• Ban collecting, processing, or transferring aggregated internet search or browsing history.

  • Require companies to evaluate certain new and existing algorithms for harm reduction. 

  • Include a controversial “private rights of action” feature that would go into effect two years after passage. This would create a risk of litigation from private parties, but it is substantially limited.

  • Ask the Federal Trade Commission (FTC) to establish a universal opt-out mechanism that would allow users to reject targeted ads from all companies in one click. The bill also forces the FTC to require entities to inform users about the opt-out option. 

Among these items, the most discussed and debated issue is the “private rights of action,” which would set the groundwork for private parties to sue companies that violate the ADPPA. Organizations that advocate for data privacy like the Electronic Frontier Foundation argue that the “private right of action” doesn’t go far enough and includes too many hoops for the private party to jump through. On the other side, advocacy groups like the US Chamber of Commerce oppose the “private rights of action” provision entirely, calling the ADPPA “unworkable” in a CNBC article.

Meanwhile, recent polls conducted by Morning Consult revealed that the average American is in favor of the major aspects of the law, with over 80 percent of Americans approving of Congress’ effort to strengthen data privacy.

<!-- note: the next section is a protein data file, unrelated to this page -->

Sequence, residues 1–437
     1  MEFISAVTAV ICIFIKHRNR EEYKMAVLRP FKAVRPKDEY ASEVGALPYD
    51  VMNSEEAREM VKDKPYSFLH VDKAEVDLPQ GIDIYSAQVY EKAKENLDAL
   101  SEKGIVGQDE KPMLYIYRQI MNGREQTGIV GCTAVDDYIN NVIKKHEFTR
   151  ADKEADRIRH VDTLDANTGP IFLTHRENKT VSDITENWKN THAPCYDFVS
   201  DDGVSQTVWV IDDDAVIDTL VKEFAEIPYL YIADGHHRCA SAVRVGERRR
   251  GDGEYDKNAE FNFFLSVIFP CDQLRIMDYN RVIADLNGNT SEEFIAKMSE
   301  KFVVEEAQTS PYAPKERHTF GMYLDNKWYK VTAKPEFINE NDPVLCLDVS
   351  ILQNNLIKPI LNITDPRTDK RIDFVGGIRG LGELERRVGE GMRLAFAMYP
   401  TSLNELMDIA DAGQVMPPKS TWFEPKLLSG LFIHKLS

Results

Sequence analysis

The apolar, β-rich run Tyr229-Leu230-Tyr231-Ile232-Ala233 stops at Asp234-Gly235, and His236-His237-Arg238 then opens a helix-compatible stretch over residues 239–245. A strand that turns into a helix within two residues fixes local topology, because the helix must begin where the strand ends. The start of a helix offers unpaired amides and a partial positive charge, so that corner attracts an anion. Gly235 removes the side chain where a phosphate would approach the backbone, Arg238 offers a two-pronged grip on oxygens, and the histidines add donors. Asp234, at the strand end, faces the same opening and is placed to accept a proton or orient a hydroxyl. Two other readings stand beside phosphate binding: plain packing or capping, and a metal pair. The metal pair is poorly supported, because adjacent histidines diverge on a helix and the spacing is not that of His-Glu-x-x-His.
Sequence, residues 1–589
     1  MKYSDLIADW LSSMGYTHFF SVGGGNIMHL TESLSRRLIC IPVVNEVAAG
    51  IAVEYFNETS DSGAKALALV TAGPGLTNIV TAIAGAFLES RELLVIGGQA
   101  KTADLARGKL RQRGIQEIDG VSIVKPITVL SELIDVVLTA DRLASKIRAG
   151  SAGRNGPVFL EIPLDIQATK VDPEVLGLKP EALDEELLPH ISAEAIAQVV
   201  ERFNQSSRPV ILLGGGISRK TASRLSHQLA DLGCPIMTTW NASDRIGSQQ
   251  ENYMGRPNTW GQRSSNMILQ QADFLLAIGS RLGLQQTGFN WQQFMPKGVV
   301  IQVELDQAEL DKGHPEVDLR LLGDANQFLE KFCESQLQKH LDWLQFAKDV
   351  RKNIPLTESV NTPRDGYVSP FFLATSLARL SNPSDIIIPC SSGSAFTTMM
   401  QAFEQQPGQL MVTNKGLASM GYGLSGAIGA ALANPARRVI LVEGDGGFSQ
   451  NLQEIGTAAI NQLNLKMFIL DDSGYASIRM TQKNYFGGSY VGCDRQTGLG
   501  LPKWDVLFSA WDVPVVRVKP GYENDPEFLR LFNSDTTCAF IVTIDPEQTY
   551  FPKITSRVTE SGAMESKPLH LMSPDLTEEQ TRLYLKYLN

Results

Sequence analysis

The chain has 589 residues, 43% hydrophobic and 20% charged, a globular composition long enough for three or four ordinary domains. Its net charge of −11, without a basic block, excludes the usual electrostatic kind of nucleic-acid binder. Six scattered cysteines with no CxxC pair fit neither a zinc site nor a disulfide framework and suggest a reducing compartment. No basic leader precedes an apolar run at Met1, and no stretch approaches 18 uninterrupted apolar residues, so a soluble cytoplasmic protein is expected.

Why Is This Important?

Regulations surrounding data privacy and enforcement in the United States have been a point of major contention between tech companies and Congress for years. But more importantly, consumers in the United States have minimal data protections compared with citizens of other developed countries.  

The movement on the ADPPA also occurs while social media companies like Meta are experiencing a historic downturn in revenue, some of which can be attributed to increased data protection. Following the Apple software update this year, Meta saw a $10 billion hit in revenue, as reported by CNBC. Similarly, according to Focus Washington, Twitter has experienced declining revenue for months while quarterly shares in Snapchat fell 25 percent after the company confirmed a slowdown in advertising revenue. 

While the ADPPA would likely continue the downward push on demand for advertising and adversely affect social media companies, other advertising agencies may benefit as a result. In Europe, following the introduction of data privacy protection laws, advertising agencies like Paris-based Publicis SA saw a more than 20 percent increase in revenue, according to The Washington Post.

What Happens Next?

The path forward for the act is uncertain. Even if the ADPPA passes the House, it will encounter significant opposition in the Senate. Sen. Maria Cantwell, who chairs the Senate Commerce Committee, opposes the act in its current form due to the weak “private rights of action” provision, as reported in The Spokesman-Review. She would prefer a broader right for individuals to sue companies that violate the law.